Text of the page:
The states went on to explain that the Secretary tailored the limited debt relief using income thresholds to ensure that “the borrowers at greatest risk of pandemic-related defaults receive critical relief, either by eliminating their loan obligations or reducing them to a more manageable level,” thus meeting the express goal of the HEROES Act to “prevent affected borrowers from being placed in a worse position because of a national emergency.” The states also stressed that the Secretary reasonably concluded that targeted relief is necessary to address the impending rise in pandemic-related defaults once repayment restarts. The HEROES Act expressly permits the Secretary to “exercise his modification and waiver authority ‘notwithstanding any other provision of law, unless enacted with specific reference to [20 U.S.C. § 1098bb(a)(1)],” the states asserted, noting that “relevant statutory and regulatory provisions related to student loan repayment and cancellation contain no such express limiting language.”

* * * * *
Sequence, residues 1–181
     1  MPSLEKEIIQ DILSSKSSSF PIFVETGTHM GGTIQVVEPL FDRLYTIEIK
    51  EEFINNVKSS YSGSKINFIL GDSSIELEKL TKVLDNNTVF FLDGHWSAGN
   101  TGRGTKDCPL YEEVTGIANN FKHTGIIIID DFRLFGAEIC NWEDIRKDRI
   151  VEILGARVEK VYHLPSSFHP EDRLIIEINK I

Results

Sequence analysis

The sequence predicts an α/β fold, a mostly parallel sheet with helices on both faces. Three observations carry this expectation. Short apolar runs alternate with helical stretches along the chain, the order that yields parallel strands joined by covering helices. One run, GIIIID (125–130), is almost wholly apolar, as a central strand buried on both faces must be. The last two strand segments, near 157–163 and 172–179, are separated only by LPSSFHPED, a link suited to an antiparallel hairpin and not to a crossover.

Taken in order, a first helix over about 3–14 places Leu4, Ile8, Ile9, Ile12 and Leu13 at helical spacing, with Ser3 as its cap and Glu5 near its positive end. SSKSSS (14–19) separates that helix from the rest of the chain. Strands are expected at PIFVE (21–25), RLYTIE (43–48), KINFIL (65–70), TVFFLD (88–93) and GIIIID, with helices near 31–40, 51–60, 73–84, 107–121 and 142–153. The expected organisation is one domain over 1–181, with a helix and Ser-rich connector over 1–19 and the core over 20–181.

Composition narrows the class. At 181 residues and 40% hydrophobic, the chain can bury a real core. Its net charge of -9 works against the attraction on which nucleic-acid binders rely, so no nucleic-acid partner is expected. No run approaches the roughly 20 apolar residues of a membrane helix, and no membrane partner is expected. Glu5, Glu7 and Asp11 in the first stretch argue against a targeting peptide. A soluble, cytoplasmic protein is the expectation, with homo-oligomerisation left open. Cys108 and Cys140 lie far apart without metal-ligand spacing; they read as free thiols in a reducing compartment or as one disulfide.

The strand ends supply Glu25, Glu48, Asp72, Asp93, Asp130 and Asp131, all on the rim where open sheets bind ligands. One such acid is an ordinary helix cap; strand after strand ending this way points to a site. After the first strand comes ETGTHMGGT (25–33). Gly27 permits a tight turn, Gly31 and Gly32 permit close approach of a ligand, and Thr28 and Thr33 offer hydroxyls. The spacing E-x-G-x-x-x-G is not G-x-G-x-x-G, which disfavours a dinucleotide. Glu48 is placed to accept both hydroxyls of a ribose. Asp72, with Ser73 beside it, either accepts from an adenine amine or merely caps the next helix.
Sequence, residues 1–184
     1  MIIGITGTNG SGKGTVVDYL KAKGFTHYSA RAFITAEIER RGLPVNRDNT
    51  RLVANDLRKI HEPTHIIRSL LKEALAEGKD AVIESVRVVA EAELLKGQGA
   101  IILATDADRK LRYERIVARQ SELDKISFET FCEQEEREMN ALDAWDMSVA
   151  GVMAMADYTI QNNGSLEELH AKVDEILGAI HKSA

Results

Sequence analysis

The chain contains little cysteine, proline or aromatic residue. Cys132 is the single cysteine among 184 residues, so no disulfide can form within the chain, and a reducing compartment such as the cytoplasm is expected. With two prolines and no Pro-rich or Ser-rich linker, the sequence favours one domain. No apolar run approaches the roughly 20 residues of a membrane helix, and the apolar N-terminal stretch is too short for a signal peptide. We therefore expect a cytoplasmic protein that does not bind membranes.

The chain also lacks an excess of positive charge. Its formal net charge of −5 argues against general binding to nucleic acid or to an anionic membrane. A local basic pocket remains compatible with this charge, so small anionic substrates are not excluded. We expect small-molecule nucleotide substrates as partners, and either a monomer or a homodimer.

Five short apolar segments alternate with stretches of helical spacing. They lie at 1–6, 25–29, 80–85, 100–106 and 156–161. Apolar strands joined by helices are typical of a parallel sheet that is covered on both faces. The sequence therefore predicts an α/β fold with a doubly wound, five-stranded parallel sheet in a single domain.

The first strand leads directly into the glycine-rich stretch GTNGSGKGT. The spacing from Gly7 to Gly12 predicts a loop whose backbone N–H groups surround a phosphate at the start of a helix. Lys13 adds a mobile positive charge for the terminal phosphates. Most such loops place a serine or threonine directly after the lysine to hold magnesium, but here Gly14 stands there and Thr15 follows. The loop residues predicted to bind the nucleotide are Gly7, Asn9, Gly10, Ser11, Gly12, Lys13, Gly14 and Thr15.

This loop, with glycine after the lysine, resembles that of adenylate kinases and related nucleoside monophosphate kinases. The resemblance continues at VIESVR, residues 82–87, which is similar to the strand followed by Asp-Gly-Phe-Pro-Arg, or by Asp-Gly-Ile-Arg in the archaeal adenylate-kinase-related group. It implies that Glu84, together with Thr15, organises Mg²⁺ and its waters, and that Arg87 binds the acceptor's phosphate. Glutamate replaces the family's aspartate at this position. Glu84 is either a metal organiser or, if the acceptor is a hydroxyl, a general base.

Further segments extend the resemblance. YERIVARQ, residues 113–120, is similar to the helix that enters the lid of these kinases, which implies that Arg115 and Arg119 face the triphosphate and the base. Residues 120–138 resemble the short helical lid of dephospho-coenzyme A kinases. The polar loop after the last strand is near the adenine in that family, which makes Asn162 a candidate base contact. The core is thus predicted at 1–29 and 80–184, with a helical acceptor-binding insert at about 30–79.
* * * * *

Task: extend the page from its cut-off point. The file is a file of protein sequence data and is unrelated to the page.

Secretary Miguel Cardona issued the following statement in response to the filing of more than a dozen amicus curiae briefs: “The broad array of organizations and experts—representing diverse communities and different perspectives—supporting our case before the Supreme Court today reflects the strength of our legal positions versus the fundamentally flawed lawsuits aimed at denying millions of working and middle-class borrowers debt relief.” A summary of the briefs can be accessed here.
Ohio will grant occupational licenses to applicants experienced in another state